Friday, January 25, 2008

We Got One.

A reader, that is. The peerless Sir Douglas Schneider, he of the Canuckle fanhood and Wiki-esque (but, alas, more accurate) knowledge of the As and Ns HL, has blessed the Reverend with an insightful email response, furthering the now-burgeoning discussion re: Hockey Metrics (snappier name yet to be conceived).

Sir Douglas writes:

Rev. Z,

Well, that’s one way to sucker people into reading the blog. Thanks for the shout-out, I think. I’ll try to be more insightful in the future.

Re: Sabermetrics … there’s probably an “effectiveness” stat to be conjured up using TOI (the one not pronounced “TWAH”), points and/or plus-minus, but you’re right that ours is a much harder sport to measure individual performance than is baseball. I mean, is there a hockey equivalent of defence-independent pitching stats?

The key is probably to calculate the league average value – likely oh-ffense only – of five “replacement players,” and then to develop a way to measure how much better they perform when you sub in your guy with the four generics. One real challenge will be equalizing value of blueliners vs. forwards. In beisbol, everyone gets to go mano-a-mano with the pitcher, and gets roughly the same number of hitting chances each plate appearance (a minimum of three, except in rare cases where he gets drilled), but how do you level the ice sheet so that -- Alert! Reference to obscure Midwestern franchise upcoming! -- Stan Mikita and Pierre Pilote end up close to the same place? You need Crosby and Nicky Lindstrom to end up close to the same place. And it’s not as simple as TOI = at bats. Guys who play more minutes need to get credit for that.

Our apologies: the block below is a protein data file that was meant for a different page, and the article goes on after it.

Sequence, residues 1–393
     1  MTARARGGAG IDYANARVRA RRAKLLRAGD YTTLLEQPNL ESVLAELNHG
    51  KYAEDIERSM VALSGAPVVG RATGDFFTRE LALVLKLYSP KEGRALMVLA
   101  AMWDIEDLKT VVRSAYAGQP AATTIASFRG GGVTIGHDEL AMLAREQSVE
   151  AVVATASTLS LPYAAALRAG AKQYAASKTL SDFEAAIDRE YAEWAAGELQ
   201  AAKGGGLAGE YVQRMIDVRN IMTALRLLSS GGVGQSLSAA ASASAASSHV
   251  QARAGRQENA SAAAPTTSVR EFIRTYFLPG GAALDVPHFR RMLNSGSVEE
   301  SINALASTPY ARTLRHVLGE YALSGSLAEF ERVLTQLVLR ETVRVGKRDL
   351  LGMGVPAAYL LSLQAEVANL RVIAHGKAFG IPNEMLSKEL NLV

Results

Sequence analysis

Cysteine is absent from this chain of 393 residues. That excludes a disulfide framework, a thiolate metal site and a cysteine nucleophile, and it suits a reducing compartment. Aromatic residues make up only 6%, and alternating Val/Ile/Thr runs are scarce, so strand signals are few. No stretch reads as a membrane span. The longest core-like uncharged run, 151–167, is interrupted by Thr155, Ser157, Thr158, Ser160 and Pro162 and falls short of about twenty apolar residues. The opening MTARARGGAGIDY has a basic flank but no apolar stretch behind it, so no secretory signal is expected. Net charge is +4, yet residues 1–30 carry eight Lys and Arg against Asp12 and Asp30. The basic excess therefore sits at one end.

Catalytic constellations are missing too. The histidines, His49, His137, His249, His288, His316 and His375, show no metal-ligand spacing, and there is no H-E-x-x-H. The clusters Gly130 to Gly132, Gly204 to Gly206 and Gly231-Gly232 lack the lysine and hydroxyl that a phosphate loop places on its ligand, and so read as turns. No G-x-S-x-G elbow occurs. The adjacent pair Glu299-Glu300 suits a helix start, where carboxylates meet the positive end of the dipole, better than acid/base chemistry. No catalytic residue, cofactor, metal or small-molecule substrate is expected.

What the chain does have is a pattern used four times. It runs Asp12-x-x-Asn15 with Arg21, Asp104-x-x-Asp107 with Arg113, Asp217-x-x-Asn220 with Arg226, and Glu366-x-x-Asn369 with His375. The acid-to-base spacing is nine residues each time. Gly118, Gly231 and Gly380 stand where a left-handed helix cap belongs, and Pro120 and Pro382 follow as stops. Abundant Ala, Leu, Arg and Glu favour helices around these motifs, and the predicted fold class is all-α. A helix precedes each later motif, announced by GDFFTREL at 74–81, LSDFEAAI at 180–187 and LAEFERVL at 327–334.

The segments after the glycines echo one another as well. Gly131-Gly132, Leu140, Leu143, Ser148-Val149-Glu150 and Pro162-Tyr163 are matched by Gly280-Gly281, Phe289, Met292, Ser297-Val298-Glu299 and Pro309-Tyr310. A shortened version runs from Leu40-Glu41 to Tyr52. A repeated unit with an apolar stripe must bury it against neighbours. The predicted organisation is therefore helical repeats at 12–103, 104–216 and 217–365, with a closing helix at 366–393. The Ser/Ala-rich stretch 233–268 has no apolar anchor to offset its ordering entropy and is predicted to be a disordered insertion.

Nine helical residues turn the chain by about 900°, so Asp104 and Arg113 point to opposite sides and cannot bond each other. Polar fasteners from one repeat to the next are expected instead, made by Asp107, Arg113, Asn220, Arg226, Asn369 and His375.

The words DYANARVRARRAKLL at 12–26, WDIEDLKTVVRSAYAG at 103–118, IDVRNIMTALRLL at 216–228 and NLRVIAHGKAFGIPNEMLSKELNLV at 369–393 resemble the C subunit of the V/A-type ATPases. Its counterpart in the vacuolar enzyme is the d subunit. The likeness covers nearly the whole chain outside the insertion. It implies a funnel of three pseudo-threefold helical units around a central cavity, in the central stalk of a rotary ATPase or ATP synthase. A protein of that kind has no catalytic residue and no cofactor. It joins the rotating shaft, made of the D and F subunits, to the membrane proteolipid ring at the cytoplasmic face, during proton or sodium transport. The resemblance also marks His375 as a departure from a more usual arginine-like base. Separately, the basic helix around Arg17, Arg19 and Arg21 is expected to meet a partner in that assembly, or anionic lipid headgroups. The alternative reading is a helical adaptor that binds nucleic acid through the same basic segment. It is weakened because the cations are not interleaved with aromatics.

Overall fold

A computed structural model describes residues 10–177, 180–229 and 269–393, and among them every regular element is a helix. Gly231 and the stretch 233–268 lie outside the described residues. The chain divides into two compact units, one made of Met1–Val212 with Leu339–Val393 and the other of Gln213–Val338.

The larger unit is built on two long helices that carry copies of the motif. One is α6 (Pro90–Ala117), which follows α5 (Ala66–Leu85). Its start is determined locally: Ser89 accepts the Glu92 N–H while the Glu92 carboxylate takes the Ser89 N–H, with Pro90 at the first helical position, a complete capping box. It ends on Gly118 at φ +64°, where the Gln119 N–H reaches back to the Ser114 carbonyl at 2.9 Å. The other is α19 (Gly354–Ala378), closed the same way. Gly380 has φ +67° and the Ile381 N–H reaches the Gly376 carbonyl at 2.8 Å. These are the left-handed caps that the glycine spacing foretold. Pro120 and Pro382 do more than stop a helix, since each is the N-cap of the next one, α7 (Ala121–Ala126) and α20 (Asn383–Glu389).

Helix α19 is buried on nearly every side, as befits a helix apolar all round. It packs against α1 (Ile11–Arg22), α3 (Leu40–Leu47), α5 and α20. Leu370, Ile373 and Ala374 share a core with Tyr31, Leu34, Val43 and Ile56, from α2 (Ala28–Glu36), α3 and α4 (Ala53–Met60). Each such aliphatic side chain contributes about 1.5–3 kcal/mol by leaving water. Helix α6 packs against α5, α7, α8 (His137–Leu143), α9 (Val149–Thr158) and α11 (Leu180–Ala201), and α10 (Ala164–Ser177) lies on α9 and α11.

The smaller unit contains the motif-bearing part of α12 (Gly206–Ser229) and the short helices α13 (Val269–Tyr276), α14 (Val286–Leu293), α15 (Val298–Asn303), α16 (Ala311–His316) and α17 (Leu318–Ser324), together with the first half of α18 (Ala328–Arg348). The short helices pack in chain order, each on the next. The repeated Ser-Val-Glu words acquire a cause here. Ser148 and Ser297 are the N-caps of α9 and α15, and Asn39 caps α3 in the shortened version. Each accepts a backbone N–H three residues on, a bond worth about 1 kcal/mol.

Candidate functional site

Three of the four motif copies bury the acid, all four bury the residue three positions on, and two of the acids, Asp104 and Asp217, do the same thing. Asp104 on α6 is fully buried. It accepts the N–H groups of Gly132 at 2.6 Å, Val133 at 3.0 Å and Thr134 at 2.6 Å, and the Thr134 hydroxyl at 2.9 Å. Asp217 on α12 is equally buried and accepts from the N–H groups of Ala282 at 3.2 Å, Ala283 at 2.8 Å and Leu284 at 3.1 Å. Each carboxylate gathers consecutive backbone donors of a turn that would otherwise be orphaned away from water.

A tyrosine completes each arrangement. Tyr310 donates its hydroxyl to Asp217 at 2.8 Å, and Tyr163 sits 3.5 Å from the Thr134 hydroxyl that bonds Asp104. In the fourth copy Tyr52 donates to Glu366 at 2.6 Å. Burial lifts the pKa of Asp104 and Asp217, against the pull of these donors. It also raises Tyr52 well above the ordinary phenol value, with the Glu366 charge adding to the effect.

And it’s probably damn near impossible to compare the value of a goaltender to that of a skater.

Aren’t you glad you brought it up?


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